As a Christian I am aware of my responsibility to show my belief in Jesus Christ in the different aspects of my life. It is not just enough to live as a disciple of Christ on Sunday; rather, in my personal and work life I should try to emulate the qualities that Christ showed — not as a weekend warrior, but as an everyday disciple.
To be sure I am doing so, I ask myself this question: How consistent am I in following Christ? My relationship with Jesus Christ is not an accessory I remove when it becomes uncomfortable or when I want an easier life. It must be permanently a part of who I am.
Although I am far from perfect, I am working on developing these habits. And as I constantly evaluate myself in my home, personal, church and work life, I find that recent years have introduced a new element: my virtual life. I consider myself to be a “typical” social media user; I do not interact with second-life games, for example, but I do use Twitter and Facebook regularly. I love the opportunities they give me to communicate and keep in touch with people around the world.
Elder David A. Bednar of the Quorum of the Twelve offered a warning voice in a June 2010 Ensign article: “Sadly, some young men and young women in the church today ignore 'things as they really are' and neglect eternal relationships for digital distractions, diversions and detours that have no lasting value.”
Hopefully, most people are on their guard against such distractions and focus on real-world relationships. While this topic could be explored in so many ways, recently I have reflected most deeply on one particular element of virtual life.
A number of my friends, some of faith and some not, feel it is OK in the virtual world to use language they would not use in the “real world." I would never type anything that I would not say, whether a swear word, the vain use of the name of the Lord, or an inappropriate comment. No matter how much we want it to mean something different, "OMG" does not stand for "Oh my goodness." Weekend warriors adapt their language to go with the flow of what is accepted in the virtual world. Everyday disciples use language that uplifts and inspires wherever they may be found (in life, in the virtual world or on the basketball court).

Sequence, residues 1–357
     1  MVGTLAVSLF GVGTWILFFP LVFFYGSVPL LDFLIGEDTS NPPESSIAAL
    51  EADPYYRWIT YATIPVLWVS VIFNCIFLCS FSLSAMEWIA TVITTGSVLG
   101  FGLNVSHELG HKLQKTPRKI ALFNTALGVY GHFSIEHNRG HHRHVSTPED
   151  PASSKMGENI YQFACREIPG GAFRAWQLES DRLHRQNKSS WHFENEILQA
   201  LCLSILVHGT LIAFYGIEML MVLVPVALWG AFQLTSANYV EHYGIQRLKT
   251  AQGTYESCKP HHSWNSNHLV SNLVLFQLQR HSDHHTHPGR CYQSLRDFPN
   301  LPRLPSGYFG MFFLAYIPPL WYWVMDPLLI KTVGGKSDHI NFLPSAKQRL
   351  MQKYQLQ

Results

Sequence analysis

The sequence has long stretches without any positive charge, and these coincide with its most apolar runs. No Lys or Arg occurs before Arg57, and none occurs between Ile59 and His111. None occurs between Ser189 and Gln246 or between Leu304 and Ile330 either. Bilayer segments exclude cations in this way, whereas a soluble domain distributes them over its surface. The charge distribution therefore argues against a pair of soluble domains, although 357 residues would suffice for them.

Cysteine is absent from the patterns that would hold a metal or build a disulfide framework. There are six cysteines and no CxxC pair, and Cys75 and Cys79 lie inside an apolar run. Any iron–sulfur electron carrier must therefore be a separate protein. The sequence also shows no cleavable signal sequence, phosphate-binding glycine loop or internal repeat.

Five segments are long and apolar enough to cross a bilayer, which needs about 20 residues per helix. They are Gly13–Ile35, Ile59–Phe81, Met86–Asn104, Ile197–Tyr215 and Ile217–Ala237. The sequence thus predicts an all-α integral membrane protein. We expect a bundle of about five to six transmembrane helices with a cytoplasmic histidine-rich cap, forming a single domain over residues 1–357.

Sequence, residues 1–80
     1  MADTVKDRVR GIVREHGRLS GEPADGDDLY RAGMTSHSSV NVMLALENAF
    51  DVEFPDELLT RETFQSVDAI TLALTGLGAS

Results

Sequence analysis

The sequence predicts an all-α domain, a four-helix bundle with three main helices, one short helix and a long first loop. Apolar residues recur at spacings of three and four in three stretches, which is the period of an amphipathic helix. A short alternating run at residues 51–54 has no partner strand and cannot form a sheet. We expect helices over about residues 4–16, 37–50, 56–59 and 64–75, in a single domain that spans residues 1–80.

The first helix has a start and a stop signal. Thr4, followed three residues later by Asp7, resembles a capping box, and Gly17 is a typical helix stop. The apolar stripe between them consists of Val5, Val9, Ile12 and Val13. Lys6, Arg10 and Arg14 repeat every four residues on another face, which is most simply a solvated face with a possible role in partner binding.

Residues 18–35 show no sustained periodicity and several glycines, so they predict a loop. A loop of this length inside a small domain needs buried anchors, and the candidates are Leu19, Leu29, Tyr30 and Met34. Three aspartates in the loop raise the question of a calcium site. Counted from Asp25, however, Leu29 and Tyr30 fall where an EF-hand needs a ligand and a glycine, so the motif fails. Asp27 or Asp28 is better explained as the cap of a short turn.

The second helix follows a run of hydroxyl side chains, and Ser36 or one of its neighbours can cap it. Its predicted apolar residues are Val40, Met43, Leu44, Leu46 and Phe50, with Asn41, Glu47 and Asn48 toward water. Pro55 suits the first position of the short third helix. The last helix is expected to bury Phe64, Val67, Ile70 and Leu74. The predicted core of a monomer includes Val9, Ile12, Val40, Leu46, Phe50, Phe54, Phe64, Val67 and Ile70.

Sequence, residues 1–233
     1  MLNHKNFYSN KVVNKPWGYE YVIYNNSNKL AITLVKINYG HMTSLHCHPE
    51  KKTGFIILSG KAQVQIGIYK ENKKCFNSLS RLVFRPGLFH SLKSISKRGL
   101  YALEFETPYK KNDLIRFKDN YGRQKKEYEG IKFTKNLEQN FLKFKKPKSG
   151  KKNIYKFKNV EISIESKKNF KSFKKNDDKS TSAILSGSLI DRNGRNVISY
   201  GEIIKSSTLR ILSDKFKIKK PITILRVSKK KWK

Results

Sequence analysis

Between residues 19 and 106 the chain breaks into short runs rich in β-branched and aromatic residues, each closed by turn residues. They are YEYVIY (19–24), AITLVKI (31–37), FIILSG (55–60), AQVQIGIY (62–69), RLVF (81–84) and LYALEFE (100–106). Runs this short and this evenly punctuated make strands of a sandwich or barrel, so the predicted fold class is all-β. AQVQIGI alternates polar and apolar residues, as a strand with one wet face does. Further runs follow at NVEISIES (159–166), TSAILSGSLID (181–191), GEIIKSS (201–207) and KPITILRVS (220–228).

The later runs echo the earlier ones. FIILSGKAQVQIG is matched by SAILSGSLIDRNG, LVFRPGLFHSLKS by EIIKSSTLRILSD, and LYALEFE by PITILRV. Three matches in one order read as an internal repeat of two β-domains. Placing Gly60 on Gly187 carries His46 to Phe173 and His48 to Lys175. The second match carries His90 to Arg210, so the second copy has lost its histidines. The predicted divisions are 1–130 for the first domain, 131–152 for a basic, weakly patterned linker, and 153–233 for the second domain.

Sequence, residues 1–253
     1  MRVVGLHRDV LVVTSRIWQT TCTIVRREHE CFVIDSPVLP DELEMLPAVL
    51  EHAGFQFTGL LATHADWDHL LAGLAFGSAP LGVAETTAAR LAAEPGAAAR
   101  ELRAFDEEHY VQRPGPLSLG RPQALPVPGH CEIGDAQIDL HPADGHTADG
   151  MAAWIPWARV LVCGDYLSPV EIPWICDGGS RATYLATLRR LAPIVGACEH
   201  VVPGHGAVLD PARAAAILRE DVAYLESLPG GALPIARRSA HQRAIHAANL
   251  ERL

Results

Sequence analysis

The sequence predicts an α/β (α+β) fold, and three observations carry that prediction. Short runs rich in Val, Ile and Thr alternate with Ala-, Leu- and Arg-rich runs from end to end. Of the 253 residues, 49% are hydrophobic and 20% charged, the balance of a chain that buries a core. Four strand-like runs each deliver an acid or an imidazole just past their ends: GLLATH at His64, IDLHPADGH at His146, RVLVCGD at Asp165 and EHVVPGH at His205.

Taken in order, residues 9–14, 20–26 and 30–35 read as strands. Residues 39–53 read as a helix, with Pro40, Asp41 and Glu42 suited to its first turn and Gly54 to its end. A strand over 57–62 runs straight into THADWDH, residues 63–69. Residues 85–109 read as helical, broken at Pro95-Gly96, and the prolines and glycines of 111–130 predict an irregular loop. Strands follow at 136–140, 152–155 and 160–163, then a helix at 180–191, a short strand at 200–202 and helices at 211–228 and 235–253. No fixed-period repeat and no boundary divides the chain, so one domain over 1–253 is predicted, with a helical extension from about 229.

As a person of faith I try to follow the golden rule, variously articulated in different faiths of the world, but by Jesus in this way: “Therefore all things whatsoever ye would that men should do to you, do ye even so to them” (Matthew 7:12).
On Facebook, it is easy to NOT treat other people how we would want to be treated. Sometimes it happens directly; at other times, pointed statements are used that only people “in the know” would understand. In some ways we try to score verbal body blows without directly dealing with an issue.
We users of the virtual world need to strengthen each other in our conversations and statuses. Do not write a status to vent anger or upset others, and do not respond to others' statements sarcastically or in a way that will exacerbate a situation. Let us not neglect the opportunity to deal with our issues in a “real” way rather than through a very public point-scoring online exercise.
Although the admonition “What Would Jesus Do?” can seem overused, it still applies to our lives in the virtual world. In either world we need to consider the commitments we have made to be disciples of Christ. Are the pointed comments we make, games we play and language we use evidence of an everyday disciple or just a weekend warrior?
James Holt is a Senior Lecturer in Religious Education at the University of Chester, UK. He occasionally blogs at www.ldstn.wordpress.com and www.theseplates.blogspot.com and can be contacted at firstname.lastname@example.org